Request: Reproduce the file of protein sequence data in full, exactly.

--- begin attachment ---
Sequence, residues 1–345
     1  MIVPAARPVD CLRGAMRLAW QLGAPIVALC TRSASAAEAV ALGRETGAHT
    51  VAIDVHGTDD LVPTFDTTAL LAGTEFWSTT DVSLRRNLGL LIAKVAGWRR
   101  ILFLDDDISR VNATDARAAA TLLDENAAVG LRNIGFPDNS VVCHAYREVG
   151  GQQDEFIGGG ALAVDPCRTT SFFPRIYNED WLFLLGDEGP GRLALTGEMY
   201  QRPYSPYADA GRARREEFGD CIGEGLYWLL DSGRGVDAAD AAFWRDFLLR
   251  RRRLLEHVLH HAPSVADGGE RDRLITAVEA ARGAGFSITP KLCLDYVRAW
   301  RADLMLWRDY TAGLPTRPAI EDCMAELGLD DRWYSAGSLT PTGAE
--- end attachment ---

Sequence, residues 1–345
     1  MIVPAARPVD CLRGAMRLAW QLGAPIVALC TRSASAAEAV ALGRETGAHT
    51  VAIDVHGTDD LVPTFDTTAL LAGTEFWSTT DVSLRRNLGL LIAKVAGWRR
   101  ILFLDDDISR VNATDARAAA TLLDENAAVG LRNIGFPDNS VVCHAYREVG
   151  GQQDEFIGGG ALAVDPCRTT SFFPRIYNED WLFLLGDEGP GRLALTGEMY
   201  QRPYSPYADA GRARREEFGD CIGEGLYWLL DSGRGVDAAD AAFWRDFLLR
   251  RRRLLEHVLH HAPSVADGGE RDRLITAVEA ARGAGFSITP KLCLDYVRAW
   301  RADLMLWRDY TAGLPTRPAI EDCMAELGLD DRWYSAGSLT PTGAE